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Re: InfoWorld Cooks Data so Microsoft will win

  MJ; InfoWorld was the publisher that arbitrarily threw out the results of a
  reader's poll this past winter because OS/2 was voted the most popular OS among
  its users.  It "just knew" there were voting irregularities... No proof... No
  nuthin... Just, "it's being thrown out because OS/2 users must have voted
  multiple times.."
  So it's credibility is nil in my book, anyway...
  Look for more Microsoft sucking up from this pub in the future...
  Scott K. McGrath
  mj@creative.net wrote:
  > If you check out the following URL:
  > http://www.infoworld.com/cgi-bin/displayTC.pl?/970915sb7-bench1.htm
  > You will find that InfoWorld magazine recently ran benchmarks for an Applix
  > Java app on various platforms. The OS's tested were Windows NT, Windows 95,
  > Windows 3.1, OS/2, Sun Solaris, MacOS, and Caldera OpenLinux. If one just
  > looks at the bottom line, NT won, with a speed of :37, squeaking past
  > Linux, buried at the end of the list, with :39. But if you look at the
  > details, which the executives won't, you'll find that NT was tested on a
  > Pentium 180 with 64 Megs of RAM against Linux on a Pentium 166 with 48
  > Megs. Given how neck-and-neck the test came out, it is almost certain that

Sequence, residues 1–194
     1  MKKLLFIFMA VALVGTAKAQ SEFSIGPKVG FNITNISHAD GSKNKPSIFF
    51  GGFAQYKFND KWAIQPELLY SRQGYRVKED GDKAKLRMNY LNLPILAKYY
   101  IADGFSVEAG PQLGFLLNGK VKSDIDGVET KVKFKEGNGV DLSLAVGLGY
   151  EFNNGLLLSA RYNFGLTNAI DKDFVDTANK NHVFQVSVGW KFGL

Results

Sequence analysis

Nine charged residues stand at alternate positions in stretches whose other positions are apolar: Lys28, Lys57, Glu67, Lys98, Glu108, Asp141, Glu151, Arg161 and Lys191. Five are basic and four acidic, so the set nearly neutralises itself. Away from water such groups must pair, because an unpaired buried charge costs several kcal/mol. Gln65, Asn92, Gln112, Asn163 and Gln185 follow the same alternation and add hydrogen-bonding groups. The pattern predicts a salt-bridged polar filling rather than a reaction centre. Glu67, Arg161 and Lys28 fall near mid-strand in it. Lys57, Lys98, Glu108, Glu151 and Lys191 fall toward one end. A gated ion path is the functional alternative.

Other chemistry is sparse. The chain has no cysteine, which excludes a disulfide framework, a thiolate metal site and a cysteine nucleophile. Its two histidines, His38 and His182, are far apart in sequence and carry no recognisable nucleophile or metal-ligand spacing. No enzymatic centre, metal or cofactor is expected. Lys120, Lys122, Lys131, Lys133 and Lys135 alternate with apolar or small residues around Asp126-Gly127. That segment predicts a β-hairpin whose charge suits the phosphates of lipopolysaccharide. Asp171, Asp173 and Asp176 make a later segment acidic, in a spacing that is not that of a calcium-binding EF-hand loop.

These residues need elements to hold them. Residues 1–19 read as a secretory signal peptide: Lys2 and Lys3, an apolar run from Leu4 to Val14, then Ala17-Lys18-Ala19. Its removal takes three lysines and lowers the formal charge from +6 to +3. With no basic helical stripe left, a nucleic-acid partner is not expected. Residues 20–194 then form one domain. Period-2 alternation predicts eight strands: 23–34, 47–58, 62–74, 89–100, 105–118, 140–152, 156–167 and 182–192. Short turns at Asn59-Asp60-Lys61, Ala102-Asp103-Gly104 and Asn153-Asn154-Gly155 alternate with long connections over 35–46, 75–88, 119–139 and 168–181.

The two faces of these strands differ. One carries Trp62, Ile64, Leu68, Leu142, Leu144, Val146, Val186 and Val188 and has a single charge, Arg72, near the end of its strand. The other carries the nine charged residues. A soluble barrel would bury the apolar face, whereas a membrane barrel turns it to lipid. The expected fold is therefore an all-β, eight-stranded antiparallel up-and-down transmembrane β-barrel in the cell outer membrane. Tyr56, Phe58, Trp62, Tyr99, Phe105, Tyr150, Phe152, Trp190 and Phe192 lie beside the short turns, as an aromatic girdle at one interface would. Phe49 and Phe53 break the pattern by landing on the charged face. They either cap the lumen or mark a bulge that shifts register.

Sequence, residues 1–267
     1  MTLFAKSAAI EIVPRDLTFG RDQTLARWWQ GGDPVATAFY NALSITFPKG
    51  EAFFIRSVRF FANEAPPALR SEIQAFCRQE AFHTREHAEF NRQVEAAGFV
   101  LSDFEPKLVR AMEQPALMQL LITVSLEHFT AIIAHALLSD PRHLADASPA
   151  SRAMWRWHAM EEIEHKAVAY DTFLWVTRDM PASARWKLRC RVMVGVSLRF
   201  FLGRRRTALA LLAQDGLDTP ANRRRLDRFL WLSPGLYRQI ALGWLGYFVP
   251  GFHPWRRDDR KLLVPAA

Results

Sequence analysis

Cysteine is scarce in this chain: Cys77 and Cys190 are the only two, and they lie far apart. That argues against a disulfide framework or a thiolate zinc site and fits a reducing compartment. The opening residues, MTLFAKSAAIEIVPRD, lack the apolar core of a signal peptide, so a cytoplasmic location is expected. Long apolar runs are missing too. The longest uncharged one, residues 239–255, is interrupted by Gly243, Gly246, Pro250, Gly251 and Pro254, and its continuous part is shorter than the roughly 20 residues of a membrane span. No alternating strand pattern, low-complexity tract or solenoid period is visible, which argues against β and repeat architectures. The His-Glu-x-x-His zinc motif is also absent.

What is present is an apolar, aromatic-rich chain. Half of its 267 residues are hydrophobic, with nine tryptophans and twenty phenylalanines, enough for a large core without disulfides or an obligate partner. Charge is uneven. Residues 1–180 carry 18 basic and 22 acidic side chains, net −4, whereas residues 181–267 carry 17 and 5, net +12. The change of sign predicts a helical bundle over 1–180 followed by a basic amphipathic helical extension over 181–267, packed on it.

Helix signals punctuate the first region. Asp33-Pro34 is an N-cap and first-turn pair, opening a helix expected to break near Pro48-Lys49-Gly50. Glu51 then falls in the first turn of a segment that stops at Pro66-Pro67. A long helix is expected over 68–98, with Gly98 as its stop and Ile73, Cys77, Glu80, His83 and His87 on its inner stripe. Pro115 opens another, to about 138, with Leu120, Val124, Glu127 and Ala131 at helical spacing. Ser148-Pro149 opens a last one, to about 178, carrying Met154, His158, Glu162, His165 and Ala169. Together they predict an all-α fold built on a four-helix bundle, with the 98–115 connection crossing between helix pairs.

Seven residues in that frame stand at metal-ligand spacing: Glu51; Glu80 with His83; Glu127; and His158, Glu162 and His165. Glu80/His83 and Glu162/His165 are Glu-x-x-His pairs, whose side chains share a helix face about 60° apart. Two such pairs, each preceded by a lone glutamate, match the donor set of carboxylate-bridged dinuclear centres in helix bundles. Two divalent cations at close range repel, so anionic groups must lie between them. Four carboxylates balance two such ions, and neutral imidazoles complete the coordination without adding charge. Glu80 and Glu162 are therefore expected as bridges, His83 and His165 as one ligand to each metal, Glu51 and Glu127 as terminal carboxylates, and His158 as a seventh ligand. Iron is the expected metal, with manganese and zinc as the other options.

> Linux would have won in a legitimate benchmark, i.e., one performed on the
  > same hardware.
  > InfoWorld may point out that some of the OS's they tested, such as Mac, had
  > to be run on different hardware, and that others, such as Solaris, were
  > best tested elsewhere, even though they are available for Intel.  Neither
  > of these comments applies to Linux, which, like Windows, was developed and
  > is still most widely deployed on Intel. InfoWorld may also protest that it
  > was testing Java portability, not benchmarking OS's. This objection is
  > belied by the fact that the introduction to the article chiefly compares
  > the performance of the OS's. Personally, I think a public issue should be
  > made of this, as it can undermine InfoWorld's credibility as an objective
  > source of technical information, which they can ill afford.  More
  > importantly, if this article gets attention, it can serve to cause greater
  > questioning of trade press biases generally, and bring Linux forward in the
  > public mind as an alternative to Windows.